Recently, there has been an enormous increase in both scientific and public concern about the potential reproductive toxicity of phthalates, a group of synthetic chemicals with a wide spectrum of industrial and consumer product applications. However, it is not widely appreciated that manufacturers use low molecular weight phthalates (e.g., diethyl phthalate [DEP] and di-n-butyl phthalate [DBP]) to make coatings for oral medications;phthalates are used to target medication release (e.g., to the large bowel) or to provide timed release. Other phthalates, such as di(2-ethylhexyl) phthalate (DEHP), may also be used in medication delivery systems, such as inhalers. Prenatal exposure of male rats to DBP and DEHP has been shown to produce cryptorchidism and hypospadias, presumably due to their anti-androgenic activity. The potential effects of prenatal exposure on the developing human fetus are not yet known. However, the presence of phthalates in some medications may contribute appreciably to human exposure, at levels well above background general population exposure level. This situation raises serious concern. We therefore propose to evaluate the risks of male genital malformations after maternal exposure to specific types of phthalates contained in medications as "inactive" ingredients. These goals can be efficiently achieved by taking advantage of data available through a large ongoing multicenter case-control surveillance program of birth defects, the Slone Epidemiology Center Birth Defects Study (BDS). Since its inception in 1976, the BDS has involved over 100 birth and tertiary hospitals in the greater metropolitan areas of Boston, Philadelphia, Toronto, San Diego, and selected regions in Iowa, as well as birth defects registries in Massachusetts and New York State. The BDS identifies infants with a wide range of malformations and a sample of non-malformed infants within five months after birth, and study nurses interview mothers within six months of delivery about demographic, behavioral, reproductive, and medical factors;and details about use of a wide range of medications, including all prescription and over-the- counter drugs. We propose to enhance accrual of the case groups of interest and compare data for more than 1,100 infants with hypospadias and 675 with cryptorchidism with data on control infants without malformations. We will calculate odds ratios and 95% confidence intervals related to in utero exposure to medications containing phthalates. The setting in which phthalate exposure occurs presents a unique opportunity: Phthalates are often included in some, but not all, drugs used for a given indication, a situation that mimics random allocation;further, like other inactive ingredients, the presence of phthalates is unlikely to be known to either prescribers or study subjects, so they are functionally blinded to exposure. Thus, the proposed observational study in some ways mimics a randomized trial by minimizing both confounding by indication and recall bias. Findings from this effort will help determine the role played by these exposures in the development of male genital malformations, and will assist public health authorities in advising women about their risks.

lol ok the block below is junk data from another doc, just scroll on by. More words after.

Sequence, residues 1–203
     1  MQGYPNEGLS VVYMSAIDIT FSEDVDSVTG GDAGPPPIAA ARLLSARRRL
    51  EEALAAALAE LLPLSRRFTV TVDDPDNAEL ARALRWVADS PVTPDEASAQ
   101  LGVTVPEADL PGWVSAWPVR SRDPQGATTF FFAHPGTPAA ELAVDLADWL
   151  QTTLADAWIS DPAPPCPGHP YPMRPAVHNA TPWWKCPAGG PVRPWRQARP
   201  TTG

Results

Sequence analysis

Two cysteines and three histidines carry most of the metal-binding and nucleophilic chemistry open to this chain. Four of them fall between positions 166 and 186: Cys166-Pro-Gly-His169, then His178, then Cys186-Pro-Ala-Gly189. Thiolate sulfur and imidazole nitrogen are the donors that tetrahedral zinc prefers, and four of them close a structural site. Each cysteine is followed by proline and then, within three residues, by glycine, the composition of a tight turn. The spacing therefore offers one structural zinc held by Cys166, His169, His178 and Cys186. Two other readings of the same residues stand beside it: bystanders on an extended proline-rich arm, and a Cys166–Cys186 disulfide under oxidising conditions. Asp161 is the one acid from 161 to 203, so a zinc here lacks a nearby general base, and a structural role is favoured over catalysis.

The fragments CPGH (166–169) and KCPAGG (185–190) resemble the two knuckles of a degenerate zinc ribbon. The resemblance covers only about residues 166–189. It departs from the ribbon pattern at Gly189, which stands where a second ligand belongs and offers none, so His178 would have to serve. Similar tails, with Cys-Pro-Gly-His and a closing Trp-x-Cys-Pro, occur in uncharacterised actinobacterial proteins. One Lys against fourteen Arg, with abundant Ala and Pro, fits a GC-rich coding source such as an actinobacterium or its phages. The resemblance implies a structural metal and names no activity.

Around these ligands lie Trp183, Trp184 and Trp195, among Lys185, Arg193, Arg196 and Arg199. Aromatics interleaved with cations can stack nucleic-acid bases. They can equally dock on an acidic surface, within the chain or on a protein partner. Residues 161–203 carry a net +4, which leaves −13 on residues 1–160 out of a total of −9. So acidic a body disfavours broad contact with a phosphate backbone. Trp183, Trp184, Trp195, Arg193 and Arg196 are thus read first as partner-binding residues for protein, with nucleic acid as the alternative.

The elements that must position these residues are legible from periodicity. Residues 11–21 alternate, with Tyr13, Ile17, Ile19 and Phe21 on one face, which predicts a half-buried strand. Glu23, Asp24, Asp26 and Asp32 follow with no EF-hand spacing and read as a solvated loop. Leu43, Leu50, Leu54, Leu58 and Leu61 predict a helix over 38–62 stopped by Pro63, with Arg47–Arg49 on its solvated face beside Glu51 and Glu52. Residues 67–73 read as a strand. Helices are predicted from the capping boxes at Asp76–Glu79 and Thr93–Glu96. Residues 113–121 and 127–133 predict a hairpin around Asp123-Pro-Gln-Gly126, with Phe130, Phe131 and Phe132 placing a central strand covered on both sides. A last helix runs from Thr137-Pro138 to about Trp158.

Ingredients in medications that are assumed to be "inactive" might be a major source of exposure to phthalates, a group of synthetic chemicals with widespread use in our society. These agents cause male genital malformations in laboratory animals, but we don't know their effects in humans. We will identify medications taken in pregnancy that include phthalates and determine whether these "inactive" ingredients are associated with an increased risk of two birth defects that uniquely affect male infants (hypospadias and cryptorchidism).
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